Temple had previous experience with a number of his performers. He'd done the 'Blue Jean' music video for David Bowie, 'Smooth Operator' for Sade, 'Venceremos' for Working Week and 'Come Dancing' with The Kinks. Tudor, meanwhile, had provided musical turns in both The Great Rock 'N' Roll Swindle and the little-seen Punk Can Take It. Such experience bleeds into Absolute Beginners to the point where it can, at times, resemble a series of pop promos. Davies' contribution, for example, is pretty much entirely self-contained: he sings 'Quiet Life' within a Frank Tashlin-inspired set piece, which is nice enough whilst it lasts, but it also reduces one of the novel's key characters (the photographer's dad) to little more than a glorified cameo. He's introduced, he does his ditty, he slips away. The argument could be made that there's some deft narrative shorthand at work here - the songs and the characters are inseparable and, as such, integral to the storytelling - and yet it also shows up the overall lack of cohesion. Great in isolation (the 'Quiet Life' sequence also doubled as its music video when released as a single), less so when it comes to forming a fully fledged feature.
Some of the blame can be put down to Temple's inexperience (even The Great Rock 'N' Roll Swindle plays out like a series of barely connected episodes), though spare a thought too for the five credited writers. The initial idea to adapt MacInnes for the big screen was shared between Temple, his occasional producer Michael Hamlyn (the pair had recently worked together on the ABC concert film/espionage thriller Mantrap) and the then-editor of Time Out's film section, Don MacPherson. MacPherson drew up the first script, but this wasn't much liked and so the task was given to Richard Burridge, the man who, incidentally, had just penned Mantrap. At this point there was also involvement from the National Film Development Fund, which meant a supervisor being on board in the form of Andrea Schiff, though this did ultimately produce a shooting script. Budgetary and scheduling pressures during production then prompted a few torn out pages plus the arrival of former Hammer horror scribe Christopher Wicking to perform a salvage job. At some point another of Temple's associates Terry Johnson, who'd scripted Jazzin' For Blue Jean, provided additional dialogue, plus acknowledgement should be made to those US test audiences who managed to make it through the entire picture and offer up their own suggestions. If the end result comes across as a bit of a mess, is it really all that surprising?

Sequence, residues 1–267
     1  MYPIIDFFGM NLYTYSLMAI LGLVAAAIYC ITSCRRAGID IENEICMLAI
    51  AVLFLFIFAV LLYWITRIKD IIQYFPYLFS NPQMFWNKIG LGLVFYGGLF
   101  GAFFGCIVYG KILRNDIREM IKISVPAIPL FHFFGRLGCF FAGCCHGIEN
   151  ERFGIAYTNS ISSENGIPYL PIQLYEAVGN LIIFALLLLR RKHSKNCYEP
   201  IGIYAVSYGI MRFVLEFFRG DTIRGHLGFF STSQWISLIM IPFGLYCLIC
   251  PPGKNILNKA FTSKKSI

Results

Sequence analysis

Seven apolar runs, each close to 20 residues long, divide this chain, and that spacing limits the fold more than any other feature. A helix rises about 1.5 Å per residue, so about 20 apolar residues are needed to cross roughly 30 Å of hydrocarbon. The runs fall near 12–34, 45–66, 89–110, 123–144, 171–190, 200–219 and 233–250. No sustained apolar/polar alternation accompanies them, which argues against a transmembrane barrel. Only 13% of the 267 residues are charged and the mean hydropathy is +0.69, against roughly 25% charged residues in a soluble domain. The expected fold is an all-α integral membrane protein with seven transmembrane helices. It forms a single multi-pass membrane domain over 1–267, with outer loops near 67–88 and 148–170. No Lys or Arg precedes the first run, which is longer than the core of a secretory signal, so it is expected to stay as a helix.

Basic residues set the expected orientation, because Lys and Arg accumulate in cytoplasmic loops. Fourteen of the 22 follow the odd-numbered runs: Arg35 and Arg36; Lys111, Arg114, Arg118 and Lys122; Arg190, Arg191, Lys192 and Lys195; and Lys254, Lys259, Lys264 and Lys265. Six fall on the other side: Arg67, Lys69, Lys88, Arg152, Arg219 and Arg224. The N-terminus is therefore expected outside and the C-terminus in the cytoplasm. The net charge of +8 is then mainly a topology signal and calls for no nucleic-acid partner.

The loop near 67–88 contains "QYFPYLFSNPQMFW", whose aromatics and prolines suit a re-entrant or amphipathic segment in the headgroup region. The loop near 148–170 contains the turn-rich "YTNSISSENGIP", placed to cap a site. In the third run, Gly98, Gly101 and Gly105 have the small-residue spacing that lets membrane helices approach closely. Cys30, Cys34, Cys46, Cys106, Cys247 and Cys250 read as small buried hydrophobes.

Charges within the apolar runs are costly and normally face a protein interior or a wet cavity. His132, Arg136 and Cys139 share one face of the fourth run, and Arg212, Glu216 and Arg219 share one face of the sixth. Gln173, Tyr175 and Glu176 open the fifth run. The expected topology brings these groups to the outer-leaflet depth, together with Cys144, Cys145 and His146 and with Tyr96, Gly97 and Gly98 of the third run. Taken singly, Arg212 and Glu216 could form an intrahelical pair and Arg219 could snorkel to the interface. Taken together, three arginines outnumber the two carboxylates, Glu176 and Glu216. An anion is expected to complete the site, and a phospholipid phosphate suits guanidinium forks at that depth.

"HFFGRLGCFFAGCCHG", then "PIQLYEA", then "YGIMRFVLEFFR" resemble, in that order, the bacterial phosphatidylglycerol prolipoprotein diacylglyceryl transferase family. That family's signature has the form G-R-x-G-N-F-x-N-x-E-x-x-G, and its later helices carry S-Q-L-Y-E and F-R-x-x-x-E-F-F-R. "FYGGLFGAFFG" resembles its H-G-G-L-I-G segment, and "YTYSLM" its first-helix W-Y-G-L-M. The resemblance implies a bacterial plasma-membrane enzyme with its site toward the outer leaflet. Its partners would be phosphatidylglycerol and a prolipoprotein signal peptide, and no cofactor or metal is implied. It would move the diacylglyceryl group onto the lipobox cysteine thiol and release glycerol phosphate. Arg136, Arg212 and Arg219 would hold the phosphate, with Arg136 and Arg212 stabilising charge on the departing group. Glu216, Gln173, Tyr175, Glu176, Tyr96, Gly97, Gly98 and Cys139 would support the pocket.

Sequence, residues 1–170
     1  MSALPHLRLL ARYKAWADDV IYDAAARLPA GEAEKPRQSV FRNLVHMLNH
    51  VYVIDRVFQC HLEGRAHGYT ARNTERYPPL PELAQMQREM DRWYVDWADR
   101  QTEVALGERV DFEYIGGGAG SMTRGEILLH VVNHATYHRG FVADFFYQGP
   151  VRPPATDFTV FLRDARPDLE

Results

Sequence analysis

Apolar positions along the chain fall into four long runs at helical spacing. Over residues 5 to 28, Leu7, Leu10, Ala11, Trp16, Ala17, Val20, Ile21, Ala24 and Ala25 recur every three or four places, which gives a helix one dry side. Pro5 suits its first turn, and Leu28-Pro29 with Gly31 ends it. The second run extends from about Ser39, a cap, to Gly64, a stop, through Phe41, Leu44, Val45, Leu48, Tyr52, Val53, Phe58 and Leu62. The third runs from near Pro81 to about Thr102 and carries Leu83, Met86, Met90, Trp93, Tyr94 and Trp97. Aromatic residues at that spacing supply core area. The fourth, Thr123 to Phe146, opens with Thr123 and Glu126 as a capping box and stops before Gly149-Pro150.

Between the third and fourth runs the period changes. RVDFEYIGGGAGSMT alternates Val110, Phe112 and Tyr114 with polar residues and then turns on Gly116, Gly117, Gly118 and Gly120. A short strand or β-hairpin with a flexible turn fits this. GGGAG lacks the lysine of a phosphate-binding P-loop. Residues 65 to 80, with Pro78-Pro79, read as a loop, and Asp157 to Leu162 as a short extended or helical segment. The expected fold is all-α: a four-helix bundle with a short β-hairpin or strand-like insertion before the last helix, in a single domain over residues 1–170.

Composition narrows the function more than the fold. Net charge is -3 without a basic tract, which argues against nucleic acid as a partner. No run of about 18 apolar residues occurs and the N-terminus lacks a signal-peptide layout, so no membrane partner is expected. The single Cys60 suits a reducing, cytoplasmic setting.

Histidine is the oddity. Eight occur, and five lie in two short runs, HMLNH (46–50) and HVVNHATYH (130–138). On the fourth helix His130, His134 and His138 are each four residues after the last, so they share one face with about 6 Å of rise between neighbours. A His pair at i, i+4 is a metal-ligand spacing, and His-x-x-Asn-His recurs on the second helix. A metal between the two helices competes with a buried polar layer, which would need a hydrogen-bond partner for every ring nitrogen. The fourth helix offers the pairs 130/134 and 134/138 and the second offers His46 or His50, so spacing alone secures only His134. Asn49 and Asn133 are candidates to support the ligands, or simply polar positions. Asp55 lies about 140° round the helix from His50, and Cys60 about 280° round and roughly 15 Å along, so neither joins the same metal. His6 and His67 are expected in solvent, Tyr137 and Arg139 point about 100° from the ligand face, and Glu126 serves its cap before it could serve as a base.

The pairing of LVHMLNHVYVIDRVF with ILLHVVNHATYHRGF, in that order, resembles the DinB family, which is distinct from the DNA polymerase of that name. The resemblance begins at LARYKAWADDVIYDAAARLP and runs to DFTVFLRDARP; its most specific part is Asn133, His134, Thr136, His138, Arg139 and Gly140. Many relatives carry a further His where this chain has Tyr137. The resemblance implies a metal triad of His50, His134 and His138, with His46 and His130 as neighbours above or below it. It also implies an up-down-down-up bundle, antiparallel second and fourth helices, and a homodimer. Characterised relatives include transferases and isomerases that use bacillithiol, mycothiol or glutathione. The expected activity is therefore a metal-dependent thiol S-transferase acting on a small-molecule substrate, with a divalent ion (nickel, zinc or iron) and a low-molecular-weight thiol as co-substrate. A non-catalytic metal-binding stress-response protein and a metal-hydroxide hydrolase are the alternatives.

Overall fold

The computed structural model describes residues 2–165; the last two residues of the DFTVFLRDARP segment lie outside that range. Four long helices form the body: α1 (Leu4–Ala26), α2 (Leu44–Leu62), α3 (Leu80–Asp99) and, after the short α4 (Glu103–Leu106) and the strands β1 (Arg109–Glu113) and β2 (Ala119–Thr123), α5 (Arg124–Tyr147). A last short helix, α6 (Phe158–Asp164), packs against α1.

With so many names attached it's hard to know where to the point the finger when it comes to Absolute Beginners' fatal mistake. Eager to make MacInnes more palatable for a general audience, the film accentuates the relationship between the photographer (now named Colin, after the author of course) and his "spade-crazy" ex-girlfriend Crepe Suzette, though the miscegenation angle is massively played down. There's nothing wrong with this decision in itself, but when you cast Eddie O'Connell and Patsy Kensit in the roles you're asking for trouble. They both look the part, certainly, with Kensit coming across like a British Bardot and O'Connell having the perfect cheekbones. In fact, Absolute Beginners has this wonderful freeze frame quality in which you could pause on any moment and be massively impressed. Press play, however, and you're faced with the void these two non-performances provide. Kensit emerged unscathed - the resilience of a former child star never to be underestimated - managing a brief Pet Shop Boys-endorsed pop career, a supporting turn in Lethal Weapon 2 and plenty of tabloid interest over the next few years. O'Connell fared less well and managed just a few small roles in the likes of The Bill and Birds Of A Feather.
It's easy to be driven to distraction by the pair, to the point where Absolute Beginners' other pleasures fade into the distance. You could be forgiven for ignoring another of Bowie's determinedly oddball turns or the wonderful little psycho essayed by Graham Fletcher-Cook. There's also something really quite pleasing in the decision to cast Lionel Blair as a boy-hungry impresario, even if he does play it for laughs. Indeed, it's the audacity of the entire venture which always gets underestimated as the attention tends to fall on the central miscasting. Here was a British film that tried to be as big as the competition and do its own thing. There are so many idiosyncratic touches that it's hard to know exactly who this was all made for, but that's not to say that we can't appreciate the ambition, the determination and the sheer bloody-mindedness behind them. Absolute Beginners ultimately deserves its label as a failure - too much mess, too many poor decisions - and yet I cannot help being incredibly fond of it.